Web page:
A wild-game belly-warmer.
Several years ago, I elected to sacrifice texture for flavor when exploring the culinary opportunities of wild game. While it may sound treasonous to those tabling that trophy piece of tenderloin or backstrap for exclusive audiences, there are equally flavorful pieces of meat one should identify.
Wild game has a taste that reflects its athletic and natural origin. It lacks the interstitial fat appreciated in domestic beef and contains more hemoglobin and myoglobin, essential oxyphilic proteins that enable the animal to survive in a natural environment. The taste of wild game should be celebrated and not denigrated; perhaps we should reexamine our affinity for fatty, lazy meats.
When I hear the word “gamey,” I think of three violations that may have occurred during the laborious process that unfolds between getting the animal from the field to your plate. First, the carcass was not properly cared for in the field. Second, the meat was overcooked. And lastly, and most common, the meat was not properly groomed of connective tissue, fat, or lymphatic chains.
To thwart these violations, the hunter-cook must pay heed to a few simple rules:
1. Meat care starts immediately. Cool the carcass, keep it clean, and let it breathe.
2. Don’t be too quick to grind it. Take time to expose the lean meat beneath the connective tissue. The steaks behind the butcher window are the result of identifying and cleaning a whole muscle.
3. If you’re going to grind it, still groom it of connective tissue, fat, or lymphatic chains.
4. Do not overcook! This is a catastrophic error that cannot be undone.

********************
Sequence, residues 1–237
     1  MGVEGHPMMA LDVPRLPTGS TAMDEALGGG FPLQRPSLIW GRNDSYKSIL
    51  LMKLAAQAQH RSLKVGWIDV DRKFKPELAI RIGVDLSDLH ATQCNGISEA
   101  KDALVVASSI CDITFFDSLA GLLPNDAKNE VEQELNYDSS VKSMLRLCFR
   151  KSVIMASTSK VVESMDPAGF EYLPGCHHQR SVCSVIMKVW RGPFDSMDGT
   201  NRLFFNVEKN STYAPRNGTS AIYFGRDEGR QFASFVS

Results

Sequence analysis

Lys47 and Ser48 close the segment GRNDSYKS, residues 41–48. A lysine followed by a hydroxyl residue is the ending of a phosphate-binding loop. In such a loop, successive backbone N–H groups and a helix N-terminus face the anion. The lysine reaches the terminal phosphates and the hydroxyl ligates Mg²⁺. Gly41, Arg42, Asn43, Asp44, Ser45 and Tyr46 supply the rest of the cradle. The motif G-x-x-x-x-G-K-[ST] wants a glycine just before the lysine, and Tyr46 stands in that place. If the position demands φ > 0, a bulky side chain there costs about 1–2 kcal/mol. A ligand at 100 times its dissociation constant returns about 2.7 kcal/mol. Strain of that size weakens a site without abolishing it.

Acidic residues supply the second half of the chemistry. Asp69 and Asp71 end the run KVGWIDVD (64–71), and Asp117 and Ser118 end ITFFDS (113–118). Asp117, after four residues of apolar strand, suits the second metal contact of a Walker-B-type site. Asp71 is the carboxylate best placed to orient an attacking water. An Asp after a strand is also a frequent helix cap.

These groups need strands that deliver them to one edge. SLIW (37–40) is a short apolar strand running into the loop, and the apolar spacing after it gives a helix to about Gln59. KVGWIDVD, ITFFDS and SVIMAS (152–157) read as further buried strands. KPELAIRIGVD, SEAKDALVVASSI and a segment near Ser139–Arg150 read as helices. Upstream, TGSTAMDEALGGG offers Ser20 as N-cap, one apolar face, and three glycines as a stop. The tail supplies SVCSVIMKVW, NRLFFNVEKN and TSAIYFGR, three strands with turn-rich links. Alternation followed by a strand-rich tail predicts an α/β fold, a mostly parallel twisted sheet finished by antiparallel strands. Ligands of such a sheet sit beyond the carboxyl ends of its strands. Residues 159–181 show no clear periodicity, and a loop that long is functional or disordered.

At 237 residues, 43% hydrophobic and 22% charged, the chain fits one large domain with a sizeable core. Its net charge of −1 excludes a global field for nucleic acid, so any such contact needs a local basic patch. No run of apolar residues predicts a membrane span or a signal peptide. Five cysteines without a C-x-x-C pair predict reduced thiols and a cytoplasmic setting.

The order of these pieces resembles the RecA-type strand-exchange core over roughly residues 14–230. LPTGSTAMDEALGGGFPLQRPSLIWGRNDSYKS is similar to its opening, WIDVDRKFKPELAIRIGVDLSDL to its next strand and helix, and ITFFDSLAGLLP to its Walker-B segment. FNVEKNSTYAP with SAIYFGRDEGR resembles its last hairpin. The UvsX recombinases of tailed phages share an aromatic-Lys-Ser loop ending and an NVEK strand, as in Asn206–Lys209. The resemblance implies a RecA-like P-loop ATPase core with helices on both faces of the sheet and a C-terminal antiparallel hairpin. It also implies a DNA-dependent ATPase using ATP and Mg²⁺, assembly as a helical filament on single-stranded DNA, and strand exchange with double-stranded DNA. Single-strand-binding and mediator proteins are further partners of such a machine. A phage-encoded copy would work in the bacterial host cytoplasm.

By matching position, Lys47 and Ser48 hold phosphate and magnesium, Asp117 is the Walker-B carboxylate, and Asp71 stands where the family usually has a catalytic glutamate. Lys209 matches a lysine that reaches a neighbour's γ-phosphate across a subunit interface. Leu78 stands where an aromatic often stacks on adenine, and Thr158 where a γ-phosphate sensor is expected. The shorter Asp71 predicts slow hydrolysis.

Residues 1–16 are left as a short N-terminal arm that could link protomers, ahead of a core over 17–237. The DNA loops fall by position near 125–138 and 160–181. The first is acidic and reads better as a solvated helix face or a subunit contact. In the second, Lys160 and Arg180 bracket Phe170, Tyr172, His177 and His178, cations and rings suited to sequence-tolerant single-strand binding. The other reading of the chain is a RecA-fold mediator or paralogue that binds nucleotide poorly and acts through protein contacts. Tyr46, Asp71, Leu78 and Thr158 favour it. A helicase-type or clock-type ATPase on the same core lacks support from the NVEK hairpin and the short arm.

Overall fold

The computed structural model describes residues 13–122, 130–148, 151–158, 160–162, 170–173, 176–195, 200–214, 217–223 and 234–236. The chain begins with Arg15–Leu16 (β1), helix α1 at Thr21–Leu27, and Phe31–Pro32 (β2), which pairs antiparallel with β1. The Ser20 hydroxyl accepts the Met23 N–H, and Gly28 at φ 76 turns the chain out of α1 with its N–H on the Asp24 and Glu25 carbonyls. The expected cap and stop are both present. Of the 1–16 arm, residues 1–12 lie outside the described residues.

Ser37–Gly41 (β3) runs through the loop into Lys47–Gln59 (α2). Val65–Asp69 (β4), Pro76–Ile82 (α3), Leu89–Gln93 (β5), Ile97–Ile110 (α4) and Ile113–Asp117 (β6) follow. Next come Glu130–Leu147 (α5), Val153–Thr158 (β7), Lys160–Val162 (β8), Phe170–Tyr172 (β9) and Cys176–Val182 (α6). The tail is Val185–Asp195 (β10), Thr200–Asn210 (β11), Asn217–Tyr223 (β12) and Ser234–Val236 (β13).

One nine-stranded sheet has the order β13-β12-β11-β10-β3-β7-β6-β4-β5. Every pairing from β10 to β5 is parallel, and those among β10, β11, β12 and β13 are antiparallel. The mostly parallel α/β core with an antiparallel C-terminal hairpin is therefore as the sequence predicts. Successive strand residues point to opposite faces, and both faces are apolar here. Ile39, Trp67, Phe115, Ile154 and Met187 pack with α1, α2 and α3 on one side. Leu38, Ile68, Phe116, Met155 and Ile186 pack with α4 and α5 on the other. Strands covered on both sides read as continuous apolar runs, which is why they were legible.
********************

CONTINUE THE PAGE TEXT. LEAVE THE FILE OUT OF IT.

5. Do not cook cold meat. Let it come to room temperature or you’ll sweat out the juices.
The recipe provided does not require a specific cut of meat. They are a unique way to display and enjoy dishes using meat that may have otherwise been ground or tossed into the scrap pile.
Bozeman Curry Pho
A local spin on a Vietnamese staple.
Quarter-pound of lean meat at least one inch thick (per person). I enjoy using lean muscle from anywhere in the shoulder or abdominal complex—cleaned of all connective tissue, fat, or lymphatic chains.
2 tbsp. olive oil
2 shallots, diced
3 cloves of garlic, diced
Salt & pepper
1.5 inches of ginger, chopped
1 stalk lemongrass, chopped
2-4 tbsp. red curry paste, depending on preference
1 tbsp. brown sugar
3 cups broth of choice
2 cans coconut milk
2 tbsp. lime juice
2 tbsp. fish sauce
Vegetables for topping—e.g., basil, chopped bok choy, sliced mushrooms, bean sprouts, edamame, sliced radish, chopped red pepper, sliced green onion, shredded carrot
Cayenne pepper to taste (optional)
1. Slice meat as thin as possible. Paper-thin. Thin slices hide the chewy nature of the meat. It helps to slice when it’s very cold. Once sliced, cover and place in the refrigerator.
2. Prepare vegetables and place in the refrigerator.
3. Heat olive oil in heavy-bottomed Dutch oven. Sauté shallots and garlic until aromatic.
4. Add in the chopped ginger and sauté until aromatic.
5. Add in chopped lemongrass. Cover and let sweat on low heat for 5-10 minutes.
6. Increase heat to medium. Stir in half of the curry paste until distributed (1-2 tbsp).
7. Add ingredients to make broth (broth, coconut milk, lime juice, fish sauce, brown sugar, remaining curry paste).
8. Cover and cook over medium heat for 20 minutes to let flavors combine. Uncover and reduce to desired thickness.
9. Meanwhile, cook rice noodles as instructed.
10. Add salt, pepper, cayenne, or curry paste to the broth to taste if desired.
1. Place vegetables on a serving dish in the center of the table. Bring the broth to a roiling boil.
2. Add rice noodles to each bowl. Add the thinly-sliced wild-game meat to the top of the noodles.
3. Pour hot broth over the top of the meat and noodles, making sure to cover the meat and noodles entirely. The heat of the broth will cook the meat.
4. Let each person add their desired vegetable toppings to the top of the broth. Serve with chopsticks and a spoon. Enjoy.
Zach Mills has hunted and prepared wild game for audiences in the Greater Yellowstone Area for 10 years and has authored several articles on wild game utilization. He prefers his meals cooked on an open fire, his clothes ripped, and his beard untamed.